The Archives

The collection of all scholarly commentary on law, economics, and more

Showing results for:  “digital markets act”

The Party of No

In the comments to my last post on Mr. Obama’s health proposals (which have gotten worse — price controls!?), “Chris” and I have been having a back-and-forth about what he characterizes as a uniquely Republican disease — obstructionism. He calls Republicans “the Party of No.” I’m not a political scientist, but this seems like a ... The Party of No

Government ownership of land

I love our national parks as much as the next guy (probably more, having visited every major one and dozens of smaller ones, and loving every minute of nearly every visit), but can someone tell me why the federal government owns so much of our country? Some maps tell the story. See here and here. ... Government ownership of land

Competition in Agriculture (cross-posted)

Antitrust & Competition Policy Blog is hosting a symposium on Competition in Agriculture. So far today, there are posts by Ron Cass (BU Law), Jeff Harrison (U of Florida Law), and me.  Additional posts should be forthcoming from Christina Bohannan (U. Iowa Law), Scott Kieff (GW Law), Andrew Novakovic (Cornell Applied Economics), George Priest (Yale ... Competition in Agriculture (cross-posted)

The Trespass Fallacy in Patent Law

Thank you to Josh for inviting me to guest blog on Truth on the Market.  As my first blog posting, I thought TOTM readers would enjoy reading about my latest paper that I posted to SSRN, which has been getting some attention in the blogosphere (see here and here).  It’s a short, 17-page essay — see, ... The Trespass Fallacy in Patent Law

More Destructive Nannyism in Chicago

I’ve tiraded several times about the city of Chicago’s unbridled paternalism. From smoking bans, to proposed restrictions on trans-fats, to censorship of theatrical depictions of smoking, to the confiscation of locally produced meat products, the powers-that-be seem determined to treat residents of the City of Broad Shoulders as though they’re a bunch of helpless infants ... More Destructive Nannyism in Chicago

Teleforum on Software Patents on Tuesday, Nov. 6, at 2pm

A nice way to take a break from Election Day stress about this fingernail-biting-close election is to listen to some panelists talk about something that is truly important — software patents! 🙂 It a great panel, notwithstanding my participation, and it promises to be a lot of fun and informative.  So, call in for the ... Teleforum on Software Patents on Tuesday, Nov. 6, at 2pm

Free Uber

From the NY Times: Uber, a company based in San Francisco, is introducing a smartphone app to New York that allows available taxi drivers and cab-seeking riders to find one another. The company said the service would begin operating on Wednesday in 105 cabs — a bit less than 1 percent of the city’s more ... Free Uber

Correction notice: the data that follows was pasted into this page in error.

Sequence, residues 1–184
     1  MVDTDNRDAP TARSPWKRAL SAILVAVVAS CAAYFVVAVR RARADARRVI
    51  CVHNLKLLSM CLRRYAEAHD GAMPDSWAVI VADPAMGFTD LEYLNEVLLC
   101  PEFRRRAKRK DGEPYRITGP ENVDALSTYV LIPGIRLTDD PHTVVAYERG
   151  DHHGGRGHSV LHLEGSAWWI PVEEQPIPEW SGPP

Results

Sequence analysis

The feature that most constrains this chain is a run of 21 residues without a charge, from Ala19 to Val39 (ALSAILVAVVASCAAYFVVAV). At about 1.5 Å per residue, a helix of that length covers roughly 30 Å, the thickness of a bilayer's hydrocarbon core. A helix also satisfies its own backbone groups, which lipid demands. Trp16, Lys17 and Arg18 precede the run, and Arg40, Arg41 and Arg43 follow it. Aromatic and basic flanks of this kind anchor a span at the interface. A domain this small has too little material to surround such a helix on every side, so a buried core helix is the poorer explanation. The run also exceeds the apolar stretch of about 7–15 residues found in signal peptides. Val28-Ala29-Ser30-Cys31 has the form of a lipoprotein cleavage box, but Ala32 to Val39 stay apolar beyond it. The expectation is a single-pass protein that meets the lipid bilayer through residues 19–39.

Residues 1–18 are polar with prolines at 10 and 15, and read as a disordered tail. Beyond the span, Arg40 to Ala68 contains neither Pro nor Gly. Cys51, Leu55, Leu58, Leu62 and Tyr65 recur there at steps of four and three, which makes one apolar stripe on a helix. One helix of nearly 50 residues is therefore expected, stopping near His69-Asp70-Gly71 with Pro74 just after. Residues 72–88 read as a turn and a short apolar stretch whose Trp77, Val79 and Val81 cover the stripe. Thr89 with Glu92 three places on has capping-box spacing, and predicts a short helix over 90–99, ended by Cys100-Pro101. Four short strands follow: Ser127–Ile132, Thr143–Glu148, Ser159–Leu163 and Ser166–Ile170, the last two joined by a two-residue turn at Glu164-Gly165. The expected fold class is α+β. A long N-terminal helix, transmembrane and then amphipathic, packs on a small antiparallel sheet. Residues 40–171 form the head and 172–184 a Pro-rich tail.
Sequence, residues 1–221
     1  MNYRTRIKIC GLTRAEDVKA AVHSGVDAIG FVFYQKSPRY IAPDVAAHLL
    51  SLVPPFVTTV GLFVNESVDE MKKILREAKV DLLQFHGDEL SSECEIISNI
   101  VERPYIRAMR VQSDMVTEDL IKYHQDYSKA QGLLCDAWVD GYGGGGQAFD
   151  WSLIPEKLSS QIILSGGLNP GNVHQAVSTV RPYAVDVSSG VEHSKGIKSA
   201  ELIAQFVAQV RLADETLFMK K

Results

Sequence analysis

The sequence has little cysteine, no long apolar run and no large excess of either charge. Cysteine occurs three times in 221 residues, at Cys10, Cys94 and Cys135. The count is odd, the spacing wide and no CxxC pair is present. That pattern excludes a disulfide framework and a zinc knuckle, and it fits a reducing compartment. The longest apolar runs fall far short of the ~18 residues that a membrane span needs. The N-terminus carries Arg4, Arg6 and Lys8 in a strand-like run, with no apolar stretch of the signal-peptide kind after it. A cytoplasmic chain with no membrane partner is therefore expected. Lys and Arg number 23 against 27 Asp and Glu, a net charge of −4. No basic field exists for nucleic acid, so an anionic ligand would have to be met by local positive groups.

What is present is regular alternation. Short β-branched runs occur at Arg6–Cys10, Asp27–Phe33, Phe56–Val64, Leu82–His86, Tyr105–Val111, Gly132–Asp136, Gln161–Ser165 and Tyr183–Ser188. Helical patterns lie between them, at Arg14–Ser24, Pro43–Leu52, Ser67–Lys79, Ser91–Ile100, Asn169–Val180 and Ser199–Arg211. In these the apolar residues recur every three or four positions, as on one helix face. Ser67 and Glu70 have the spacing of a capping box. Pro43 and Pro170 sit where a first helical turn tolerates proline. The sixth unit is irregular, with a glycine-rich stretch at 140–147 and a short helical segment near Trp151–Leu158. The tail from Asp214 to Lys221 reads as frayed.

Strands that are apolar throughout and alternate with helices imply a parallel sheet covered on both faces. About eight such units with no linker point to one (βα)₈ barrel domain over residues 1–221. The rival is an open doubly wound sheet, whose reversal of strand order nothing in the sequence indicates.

Josh Wright to be nominated to be next FTC Commissioner

Truth on the Market and the International Center for Law & Economics are delighted (if a bit saddened) to announce that President Obama intends to nominate Joshua Wright, Research Director and Member of the Board of Directors of ICLE and Professor of Law at George Mason University School of Law, to be the next Commissioner ... Josh Wright to be nominated to be next FTC Commissioner

Law and Economics Center Programs Invite Applicants!

The George Mason Law & Economics Center invites applications for the following five 2013 Workshops for Law Professors. Each Workshop offers a unique opportunity to join colleagues from around the country to learn from some of the most well-respected scholars in the law-and-economics field. There is no tuition, and all but one program provides hotel ... Law and Economics Center Programs Invite Applicants!

Ginsburg & Wright on Behavioral Law and Economics: Its Origins, Fatal Flaws, and Implications for Liberty

My paper with Judge Douglas H. Ginsburg (D.C. Circuit; NYU Law), Behavioral Law & Economics: Its Origins, Fatal Flaws, and Implications for Liberty, is posted to SSRN and now published in the Northwestern Law Review. Here is the abstract: Behavioral economics combines economics and psychology to produce a body of evidence that individual choice behavior ... Ginsburg & Wright on Behavioral Law and Economics: Its Origins, Fatal Flaws, and Implications for Liberty

Brad DeLong is an ethics-free partisan ass

Steve Horwitz writes a short, lay piece on crowding out and job creation. Brad “smacks down” Steve Horowitz. Russ Roberts amplifies Horwitz with a nice point about the dangers of aggregation. David Henderson notes that Brad misses what Horwitz is really saying. Brad DeLong “smacks down” Steve Horwitz again, not acknowledging any of the criticisms.  ... Brad DeLong is an ethics-free partisan ass

Finally, some real help for California!

Oregonians, my fellow residents of the Beaver State (and, by the way, the only state in the Union with a different image on each side of its flag), voted yesterday to increase top marginal income tax rates and corporate tax rates, including minimum corporate tax rates and the addition of a tax on gross receipts.  ... Finally, some real help for California!